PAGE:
To rescue their forgotten pasts I have chosen a further four children to illustrate the diversity of their health problems and experience in the asylum.
Henry Kane was admitted on May 24th 1898 from the Bristol Union Workhouse. He died of tuberculosis seven months later. Aged 15 he suffered from what the doctors termed congenital idiocy. He could not speak and had to be helped with many basic tasks. The Burdens did not open Stoke Park Colony until 1909 to house those people considered ‘in need of care and control’; those who were unable to work and look after themselves. He may therefore, if it had been open in 1898, been referred to that institution rather than the mental hospital.
Alice Cox (on admission) Alice Cox (on discharge)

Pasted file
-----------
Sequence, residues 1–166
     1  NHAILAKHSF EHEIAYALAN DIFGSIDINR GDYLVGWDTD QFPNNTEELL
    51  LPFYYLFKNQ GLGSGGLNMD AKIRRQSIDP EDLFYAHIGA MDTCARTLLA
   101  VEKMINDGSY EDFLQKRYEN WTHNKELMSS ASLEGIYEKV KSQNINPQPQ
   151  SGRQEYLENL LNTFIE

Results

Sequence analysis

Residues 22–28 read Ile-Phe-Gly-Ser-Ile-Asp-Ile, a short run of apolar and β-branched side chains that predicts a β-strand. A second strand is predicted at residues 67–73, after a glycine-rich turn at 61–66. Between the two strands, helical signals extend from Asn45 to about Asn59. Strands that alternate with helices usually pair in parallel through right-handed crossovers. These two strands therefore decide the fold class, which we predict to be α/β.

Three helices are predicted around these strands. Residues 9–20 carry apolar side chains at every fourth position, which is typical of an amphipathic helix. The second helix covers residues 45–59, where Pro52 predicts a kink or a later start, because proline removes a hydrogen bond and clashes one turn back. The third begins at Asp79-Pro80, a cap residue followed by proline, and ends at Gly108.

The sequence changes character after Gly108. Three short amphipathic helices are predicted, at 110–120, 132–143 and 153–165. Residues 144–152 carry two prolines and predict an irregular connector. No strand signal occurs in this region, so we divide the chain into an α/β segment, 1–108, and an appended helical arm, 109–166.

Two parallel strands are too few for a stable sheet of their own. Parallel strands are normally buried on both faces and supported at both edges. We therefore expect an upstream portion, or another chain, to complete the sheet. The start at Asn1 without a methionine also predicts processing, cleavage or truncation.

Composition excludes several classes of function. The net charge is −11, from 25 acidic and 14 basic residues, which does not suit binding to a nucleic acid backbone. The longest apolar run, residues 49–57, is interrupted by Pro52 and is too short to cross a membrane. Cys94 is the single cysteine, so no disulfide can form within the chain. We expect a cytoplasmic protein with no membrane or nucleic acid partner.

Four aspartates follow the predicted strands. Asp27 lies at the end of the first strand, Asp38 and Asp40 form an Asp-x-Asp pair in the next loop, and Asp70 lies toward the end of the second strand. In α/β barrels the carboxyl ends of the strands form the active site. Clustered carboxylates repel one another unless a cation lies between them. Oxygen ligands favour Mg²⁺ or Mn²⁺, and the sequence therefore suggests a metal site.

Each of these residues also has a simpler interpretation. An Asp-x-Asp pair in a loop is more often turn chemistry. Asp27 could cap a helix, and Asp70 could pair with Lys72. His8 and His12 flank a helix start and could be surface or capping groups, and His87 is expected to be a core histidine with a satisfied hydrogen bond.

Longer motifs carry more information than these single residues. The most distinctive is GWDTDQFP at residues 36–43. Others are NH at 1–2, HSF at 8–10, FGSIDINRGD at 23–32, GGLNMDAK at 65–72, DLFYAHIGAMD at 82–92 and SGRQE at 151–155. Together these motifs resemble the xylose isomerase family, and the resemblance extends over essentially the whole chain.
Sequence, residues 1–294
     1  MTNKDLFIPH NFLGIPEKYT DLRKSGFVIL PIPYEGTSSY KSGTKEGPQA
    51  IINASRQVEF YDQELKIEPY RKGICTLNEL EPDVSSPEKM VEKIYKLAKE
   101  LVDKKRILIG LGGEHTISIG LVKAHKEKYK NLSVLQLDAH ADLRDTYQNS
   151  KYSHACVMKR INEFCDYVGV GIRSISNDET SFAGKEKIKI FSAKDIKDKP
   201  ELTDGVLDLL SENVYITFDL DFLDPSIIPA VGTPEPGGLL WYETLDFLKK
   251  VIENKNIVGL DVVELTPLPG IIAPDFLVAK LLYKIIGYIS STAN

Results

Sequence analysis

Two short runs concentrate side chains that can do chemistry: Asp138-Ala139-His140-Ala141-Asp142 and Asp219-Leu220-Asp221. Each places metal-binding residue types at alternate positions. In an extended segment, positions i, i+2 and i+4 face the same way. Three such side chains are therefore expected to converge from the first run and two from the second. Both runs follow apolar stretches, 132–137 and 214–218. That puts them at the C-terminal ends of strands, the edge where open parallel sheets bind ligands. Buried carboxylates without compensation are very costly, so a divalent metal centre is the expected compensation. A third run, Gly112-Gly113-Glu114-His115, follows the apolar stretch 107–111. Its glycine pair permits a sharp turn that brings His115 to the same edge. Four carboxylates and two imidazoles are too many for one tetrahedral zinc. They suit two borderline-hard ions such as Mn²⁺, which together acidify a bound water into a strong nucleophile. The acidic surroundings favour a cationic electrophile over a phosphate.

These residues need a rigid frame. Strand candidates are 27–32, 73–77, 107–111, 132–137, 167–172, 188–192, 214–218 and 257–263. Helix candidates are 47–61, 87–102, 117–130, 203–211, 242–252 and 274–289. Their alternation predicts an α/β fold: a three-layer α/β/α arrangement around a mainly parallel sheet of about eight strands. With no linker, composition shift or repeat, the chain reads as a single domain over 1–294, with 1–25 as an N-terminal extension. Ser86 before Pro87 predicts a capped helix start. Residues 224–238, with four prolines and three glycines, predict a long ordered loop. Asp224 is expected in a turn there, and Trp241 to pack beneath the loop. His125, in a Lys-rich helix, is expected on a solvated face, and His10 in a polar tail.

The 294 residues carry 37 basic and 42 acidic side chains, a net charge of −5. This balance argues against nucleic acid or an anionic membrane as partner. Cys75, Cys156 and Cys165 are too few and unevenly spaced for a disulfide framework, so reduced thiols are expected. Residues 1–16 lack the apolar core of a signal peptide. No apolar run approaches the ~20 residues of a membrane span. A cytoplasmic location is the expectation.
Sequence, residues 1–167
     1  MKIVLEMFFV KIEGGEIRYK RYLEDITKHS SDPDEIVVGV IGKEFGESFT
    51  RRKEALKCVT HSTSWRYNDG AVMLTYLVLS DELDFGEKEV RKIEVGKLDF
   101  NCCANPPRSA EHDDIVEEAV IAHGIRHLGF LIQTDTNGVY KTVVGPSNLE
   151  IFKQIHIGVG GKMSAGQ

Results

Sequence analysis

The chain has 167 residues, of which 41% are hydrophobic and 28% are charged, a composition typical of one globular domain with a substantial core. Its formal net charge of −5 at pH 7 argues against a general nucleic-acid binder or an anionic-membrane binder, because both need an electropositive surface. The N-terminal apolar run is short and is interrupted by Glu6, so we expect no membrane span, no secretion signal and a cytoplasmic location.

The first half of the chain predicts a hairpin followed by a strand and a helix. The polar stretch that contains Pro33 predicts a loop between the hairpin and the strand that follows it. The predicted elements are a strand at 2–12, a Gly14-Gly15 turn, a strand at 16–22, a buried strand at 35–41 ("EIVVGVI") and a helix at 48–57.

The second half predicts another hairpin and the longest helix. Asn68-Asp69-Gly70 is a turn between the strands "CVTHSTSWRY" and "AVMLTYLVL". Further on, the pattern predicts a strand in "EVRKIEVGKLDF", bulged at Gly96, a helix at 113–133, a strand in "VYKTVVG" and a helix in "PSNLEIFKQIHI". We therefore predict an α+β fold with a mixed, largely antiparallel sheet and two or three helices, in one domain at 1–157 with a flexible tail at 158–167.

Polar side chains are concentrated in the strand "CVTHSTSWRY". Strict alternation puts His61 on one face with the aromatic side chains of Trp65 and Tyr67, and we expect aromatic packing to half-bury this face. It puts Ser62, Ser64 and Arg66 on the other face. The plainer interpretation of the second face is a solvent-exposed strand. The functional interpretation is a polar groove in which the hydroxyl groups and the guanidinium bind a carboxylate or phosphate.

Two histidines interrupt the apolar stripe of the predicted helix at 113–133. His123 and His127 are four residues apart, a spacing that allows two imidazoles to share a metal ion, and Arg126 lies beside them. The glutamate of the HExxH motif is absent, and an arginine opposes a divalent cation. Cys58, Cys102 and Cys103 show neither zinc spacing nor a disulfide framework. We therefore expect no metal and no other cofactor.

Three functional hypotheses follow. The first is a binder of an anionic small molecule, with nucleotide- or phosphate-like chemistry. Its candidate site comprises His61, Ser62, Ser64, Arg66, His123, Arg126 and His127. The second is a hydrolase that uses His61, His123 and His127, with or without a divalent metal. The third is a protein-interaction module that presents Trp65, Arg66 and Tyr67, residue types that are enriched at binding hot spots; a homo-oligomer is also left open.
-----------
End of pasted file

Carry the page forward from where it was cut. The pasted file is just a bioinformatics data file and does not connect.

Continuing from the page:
Alice Cox was also 15 when admitted on January 30th 1896. She was a domestic servant diagnosed with melancholia. She recovered after three months in the asylum and was able to resume her life.
Alice Collins was admitted to the asylum aged 16 in 1893. She was refusing food and said she wanted to be in her coffin. For a few months she remained in this state but gradually improved and was discharged having gained 11 pounds in weight and grown one and a half inches (Admission book BRO 40513/C/3/12, 77).
Eliza Harriet Hill
Eliza Harriet Hill had suffered from epilepsy since the age of ten and when 16 was admitted to the asylum. She had multiple physical problems apart from epilepsy, she had gone virtually blind at the age of seven, her sense of smell had disappeared and her hearing was poor. The doctor thought these problems were the result of congenital syphilis. She spent nine years in the asylum and died after a series of severe fits.
For further information on epilepsy in the asylum see: http://www.glensidemuseum.org.uk/epilepsy-in-the-asylum/